Resources

Resources included in these libraries were submitted by ITEST projects or STELAR and are relevant to the work of the NSF ITEST Program. PDFs and/or URLs to the original resource are included in the resource description whenever possible. In some cases, full text publications are located behind publishers’ paywalls and a fee or membership to the third party site may be required for access. Permission for use must be requested through the publisher or author listed in each entry.

Body

Resources included in these libraries were submitted by ITEST projects or STELAR and are relevant to the work of the NSF ITEST Program. PDFs and/or URLs to the original resource are included in the resource description whenever possible. In some cases, full text publications are located behind publishers’ paywalls and a fee or membership to the third party site may be required for access. Permission for use must be requested through the publisher or author listed in each entry.

31 - 40 of 1022

We Tell These Stories to Survive: Towards Abolition in Computer Science Education

Publications
Computer science (CS) education finds itself at a pivotal moment to reckon with what it means to accept, use, and create technologies, with the continued recruitment of minoritized students into the field. In this paper, we build on the oral traditions of educating with stories, and take the reader on two journeys. We begin with a story that leads us in thinking about where computer science educa- tion is, in the wake of slavery, under the New Jim Code. Within a BlackCrit framework, we shake the grounds of the computer science field, where technologies are often promoted as objective, but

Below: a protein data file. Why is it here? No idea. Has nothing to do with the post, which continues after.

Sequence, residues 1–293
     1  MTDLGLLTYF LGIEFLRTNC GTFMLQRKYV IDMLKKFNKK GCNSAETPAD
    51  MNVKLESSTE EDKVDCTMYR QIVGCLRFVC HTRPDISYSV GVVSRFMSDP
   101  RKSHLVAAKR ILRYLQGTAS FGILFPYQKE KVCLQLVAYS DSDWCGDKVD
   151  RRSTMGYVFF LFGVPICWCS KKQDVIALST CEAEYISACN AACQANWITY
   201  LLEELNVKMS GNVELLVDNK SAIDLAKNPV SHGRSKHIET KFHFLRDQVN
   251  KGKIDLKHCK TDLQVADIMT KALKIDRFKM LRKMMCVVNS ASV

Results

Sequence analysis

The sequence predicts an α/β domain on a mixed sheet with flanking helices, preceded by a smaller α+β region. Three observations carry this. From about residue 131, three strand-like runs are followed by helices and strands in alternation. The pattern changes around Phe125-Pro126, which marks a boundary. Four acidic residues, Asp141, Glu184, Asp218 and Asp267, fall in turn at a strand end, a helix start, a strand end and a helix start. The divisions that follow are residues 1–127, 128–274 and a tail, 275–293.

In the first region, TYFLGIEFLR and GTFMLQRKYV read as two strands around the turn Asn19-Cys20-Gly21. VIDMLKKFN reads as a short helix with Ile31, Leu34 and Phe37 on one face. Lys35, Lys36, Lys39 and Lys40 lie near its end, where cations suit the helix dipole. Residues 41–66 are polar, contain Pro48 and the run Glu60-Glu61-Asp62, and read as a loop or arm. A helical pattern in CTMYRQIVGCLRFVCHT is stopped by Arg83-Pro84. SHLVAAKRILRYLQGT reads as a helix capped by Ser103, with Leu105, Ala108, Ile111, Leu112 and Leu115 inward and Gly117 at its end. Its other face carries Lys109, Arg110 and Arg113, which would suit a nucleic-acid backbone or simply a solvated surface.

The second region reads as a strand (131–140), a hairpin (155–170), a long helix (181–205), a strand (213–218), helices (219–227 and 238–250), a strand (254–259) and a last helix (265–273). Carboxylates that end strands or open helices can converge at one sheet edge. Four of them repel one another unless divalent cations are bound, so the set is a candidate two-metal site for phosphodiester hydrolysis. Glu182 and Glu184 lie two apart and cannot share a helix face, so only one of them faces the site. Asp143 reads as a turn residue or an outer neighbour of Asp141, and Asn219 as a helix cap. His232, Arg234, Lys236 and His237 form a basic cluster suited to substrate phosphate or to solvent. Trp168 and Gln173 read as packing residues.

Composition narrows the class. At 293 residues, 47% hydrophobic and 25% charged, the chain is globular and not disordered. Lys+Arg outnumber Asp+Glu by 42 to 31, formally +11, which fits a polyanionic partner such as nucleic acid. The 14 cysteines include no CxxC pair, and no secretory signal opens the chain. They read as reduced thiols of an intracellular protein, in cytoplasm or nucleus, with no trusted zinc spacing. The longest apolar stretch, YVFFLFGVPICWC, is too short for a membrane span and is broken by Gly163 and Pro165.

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Recasting Families and Communities as Co-Designers of Education in Tumultuous Times

Publications
In a national moment of political tumult and violence directed at immigrants, people of color, and other marginalized groups, our education systems need new strategies to mean- ingfully engage families and communities in ensuring equitable learning for our youth. Not only do families and communities bring historical and lived knowledge about how to persist through these challenges, they can also bring critical expertise in how to advance educational justice and community well-being. In these difficult times, or perhaps because of them, we have found evidence of justice-based approaches to